These leaders ultimately determine assignments for each of the urologists within the active force. Thus, it is vital to proactively engage these leaders years before assignments are made to ensure the preferences of the young urologist can most closely align with the needs of the service. It is also critically important to convey any special requests (e.g., family health considerations, civilian spouse employment, etc.) so that they may be considered as assignments are made. Once in practice, these service leads will remain an important resource for information about career advancement, military-unique training opportunities, and alternative practice locations. It is also helpful to engage other practicing military urologists to seek career guidance and overall professional support.
After fulfilling one or several active duty service commitment(s), most military urologists transition to civilian urology practice. Federal agencies such as the Department of Veterans Affairs and the Indian Health Service and Military Reserves have programs that credit the time in service, which applies the active duty service towards a federal retirement plan. Each program is specific and is subject to change. It is essential to investigate these benefits before transitioning from military service, while future contracts are being negotiated.
2.1 Location
A key factor to consider when applying for jobs is geographic location. Research the areas that interest you. Is there a high density of urologists? Are the competitive markets already saturated with urologists (note: more about practicing in a competitive market can be found in Appendix A)? Are there less competitive areas with fewer urologists? What are the typical payer mixes for these regions? What types of insurance do the patients have in the area?
In addition to these factors, it’s also critically important to consider whether or not the city or practice location is desirable from a personal perspective. If applicable, is the location desirable/offer employment opportunities for your spouse/partner? Become well versed with the social opportunities in the vicinity if that is important to you. Dining, night/family life, and school systems can all play a significant role in choosing a location to practice.
NOTE: Three young urologists share their personal perspective on location and more in Appendix E.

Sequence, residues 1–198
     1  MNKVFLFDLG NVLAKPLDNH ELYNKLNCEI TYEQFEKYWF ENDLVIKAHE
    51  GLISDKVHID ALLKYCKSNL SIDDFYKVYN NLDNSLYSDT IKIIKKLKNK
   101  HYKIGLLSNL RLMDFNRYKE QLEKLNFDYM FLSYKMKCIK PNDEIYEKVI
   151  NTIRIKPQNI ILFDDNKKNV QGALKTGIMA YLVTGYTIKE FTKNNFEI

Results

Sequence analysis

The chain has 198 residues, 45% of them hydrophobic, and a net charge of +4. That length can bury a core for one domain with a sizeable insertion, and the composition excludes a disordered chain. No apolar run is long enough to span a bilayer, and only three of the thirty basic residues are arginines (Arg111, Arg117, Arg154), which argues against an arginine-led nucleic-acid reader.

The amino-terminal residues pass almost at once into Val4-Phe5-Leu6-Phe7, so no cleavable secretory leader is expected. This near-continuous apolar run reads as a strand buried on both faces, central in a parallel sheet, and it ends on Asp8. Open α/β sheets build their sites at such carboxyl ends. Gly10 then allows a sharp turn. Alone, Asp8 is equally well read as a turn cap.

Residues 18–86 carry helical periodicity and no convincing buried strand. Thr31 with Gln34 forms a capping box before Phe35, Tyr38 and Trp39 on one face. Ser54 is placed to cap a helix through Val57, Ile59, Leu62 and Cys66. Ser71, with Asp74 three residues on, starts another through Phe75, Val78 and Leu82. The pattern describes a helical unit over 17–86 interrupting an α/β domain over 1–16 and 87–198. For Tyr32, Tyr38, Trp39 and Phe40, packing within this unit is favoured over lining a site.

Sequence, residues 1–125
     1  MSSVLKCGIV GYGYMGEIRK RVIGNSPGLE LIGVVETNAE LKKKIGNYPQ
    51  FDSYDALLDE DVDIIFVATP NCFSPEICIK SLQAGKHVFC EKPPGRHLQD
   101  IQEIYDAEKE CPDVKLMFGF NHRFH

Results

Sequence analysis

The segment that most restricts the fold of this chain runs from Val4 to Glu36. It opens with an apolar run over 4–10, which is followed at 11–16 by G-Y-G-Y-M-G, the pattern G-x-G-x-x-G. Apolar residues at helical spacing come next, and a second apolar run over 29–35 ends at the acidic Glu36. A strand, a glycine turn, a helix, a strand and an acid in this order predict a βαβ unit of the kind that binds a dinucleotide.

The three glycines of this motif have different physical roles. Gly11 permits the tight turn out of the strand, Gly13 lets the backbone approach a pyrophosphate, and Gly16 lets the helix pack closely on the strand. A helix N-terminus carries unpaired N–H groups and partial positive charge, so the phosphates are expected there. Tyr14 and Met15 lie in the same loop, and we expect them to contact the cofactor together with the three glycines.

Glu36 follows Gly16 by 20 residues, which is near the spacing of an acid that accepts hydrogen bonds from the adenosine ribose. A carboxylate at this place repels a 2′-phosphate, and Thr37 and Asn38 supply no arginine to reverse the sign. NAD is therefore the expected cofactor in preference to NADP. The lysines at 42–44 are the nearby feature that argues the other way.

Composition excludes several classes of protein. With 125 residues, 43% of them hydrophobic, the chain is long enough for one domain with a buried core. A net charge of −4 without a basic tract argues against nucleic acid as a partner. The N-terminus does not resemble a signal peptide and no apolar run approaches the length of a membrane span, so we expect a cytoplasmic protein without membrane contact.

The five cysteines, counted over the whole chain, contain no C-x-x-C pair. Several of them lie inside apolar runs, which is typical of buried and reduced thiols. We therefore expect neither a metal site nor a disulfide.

2.2 The Job Search
The pursuit of a career in urology begins with four years of medical school, followed by five to six years of urology residency and potentially one to three years of fellowship. Several factors are present when searching for a job upon the completion of training, including: a deadline to begin gainful employment, not-yet-clear clinical and research interests or career objectives and unclear expectations on personally-important factors for job satisfaction.
In today’s medical job market, urologists are in high demand. A tightening workforce in urology has caused the demand for well-trained urologists to skyrocket. It’s not uncommon for a graduating urologist to receive 9 to 12 job offers prior to selecting a position. Still, it’s important for graduating trainees to begin the job search early.
As in all fields, networking and connections can oftentimes lead to job opportunities. Personal recommendations via networking can be one of the best ways to start your job search. Groups looking to hire will often contact program directors in search of graduating residents or fellows. Leverage your attendings, advisers or program director to see if they know of a job opportunity that aligns with your goals. Even if they don’t, they may be able to direct you to someone else who does.
Academic positions are often not widely advertised but come about by word of mouth. If pursuing an academic position after training, your fellowship director or mentor will often be able to identify available positions via their own network. You’ll also want to rely on your own contacts within professional associations/societies. Many times, preliminary interviews happen at major urologic conferences (e.g., AUA Annual Meetings or AUA Section meetings) or at subspecialty meetings.
In addition to networking, consider the number of other ways to find a job that best suits your needs. Career fairs can be a good way to begin the job search, as they provide an opportunity to engage with numerous employers, recruiters and groups in a relatively short period of time. The AUA hosts career fairs periodically throughout the year. Working with a recruiter is another way to learn about job opportunities: a good recruiter will consider your needs and recommend you accordingly to employers who seem to be a good fit. Recruiters come in different forms, however. Some work for individual hospitals or large organizations while others work for private companies. In the latter case, recruiters may be paid by hospitals when a new physician is hired. In such a scenario, an unscrupulous recruiter may direct you toward a job that may not fit your goals but can earn the recruiter a higher fee. Be wary of recruiters who don’t seem to have your best interest in mind.